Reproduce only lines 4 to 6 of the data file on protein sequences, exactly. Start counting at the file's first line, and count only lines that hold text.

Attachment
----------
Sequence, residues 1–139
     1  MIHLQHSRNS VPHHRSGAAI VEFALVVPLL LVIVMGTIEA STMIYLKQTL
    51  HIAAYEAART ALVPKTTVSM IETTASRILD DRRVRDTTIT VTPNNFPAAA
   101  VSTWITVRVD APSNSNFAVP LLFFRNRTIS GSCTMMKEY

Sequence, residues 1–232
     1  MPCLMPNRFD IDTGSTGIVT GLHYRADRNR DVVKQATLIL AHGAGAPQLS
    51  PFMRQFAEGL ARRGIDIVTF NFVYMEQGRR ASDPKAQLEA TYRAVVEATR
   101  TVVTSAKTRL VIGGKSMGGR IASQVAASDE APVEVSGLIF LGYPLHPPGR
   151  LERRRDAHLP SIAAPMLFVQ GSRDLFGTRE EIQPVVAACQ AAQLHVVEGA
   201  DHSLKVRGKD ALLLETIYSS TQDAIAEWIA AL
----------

   101  VSTWITVRVD APSNSNFAVP LLFFRNRTIS GSCTMMKEY

Sequence, residues 1–232
     1  MPCLMPNRFD IDTGSTGIVT GLHYRADRNR DVVKQATLIL AHGAGAPQLS